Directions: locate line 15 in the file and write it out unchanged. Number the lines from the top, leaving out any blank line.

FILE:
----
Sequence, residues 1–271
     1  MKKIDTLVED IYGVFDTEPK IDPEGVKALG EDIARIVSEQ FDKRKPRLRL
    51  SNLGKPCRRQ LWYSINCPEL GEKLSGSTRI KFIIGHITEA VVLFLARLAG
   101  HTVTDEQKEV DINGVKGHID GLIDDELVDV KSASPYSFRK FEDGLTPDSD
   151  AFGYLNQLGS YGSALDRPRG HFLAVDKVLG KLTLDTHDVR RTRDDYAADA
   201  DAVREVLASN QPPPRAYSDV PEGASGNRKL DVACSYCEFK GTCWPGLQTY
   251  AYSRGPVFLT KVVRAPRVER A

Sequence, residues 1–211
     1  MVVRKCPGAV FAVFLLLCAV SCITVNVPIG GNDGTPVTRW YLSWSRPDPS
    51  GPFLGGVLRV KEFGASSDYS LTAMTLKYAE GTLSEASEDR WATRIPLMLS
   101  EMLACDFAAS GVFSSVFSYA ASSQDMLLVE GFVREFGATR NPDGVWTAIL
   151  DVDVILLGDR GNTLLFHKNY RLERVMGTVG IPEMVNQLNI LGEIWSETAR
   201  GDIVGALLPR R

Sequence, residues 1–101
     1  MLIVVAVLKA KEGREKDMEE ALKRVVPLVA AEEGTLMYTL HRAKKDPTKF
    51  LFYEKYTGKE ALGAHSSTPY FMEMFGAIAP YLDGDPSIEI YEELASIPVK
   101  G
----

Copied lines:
     1  MLIVVAVLKA KEGREKDMEE ALKRVVPLVA AEEGTLMYTL HRAKKDPTKF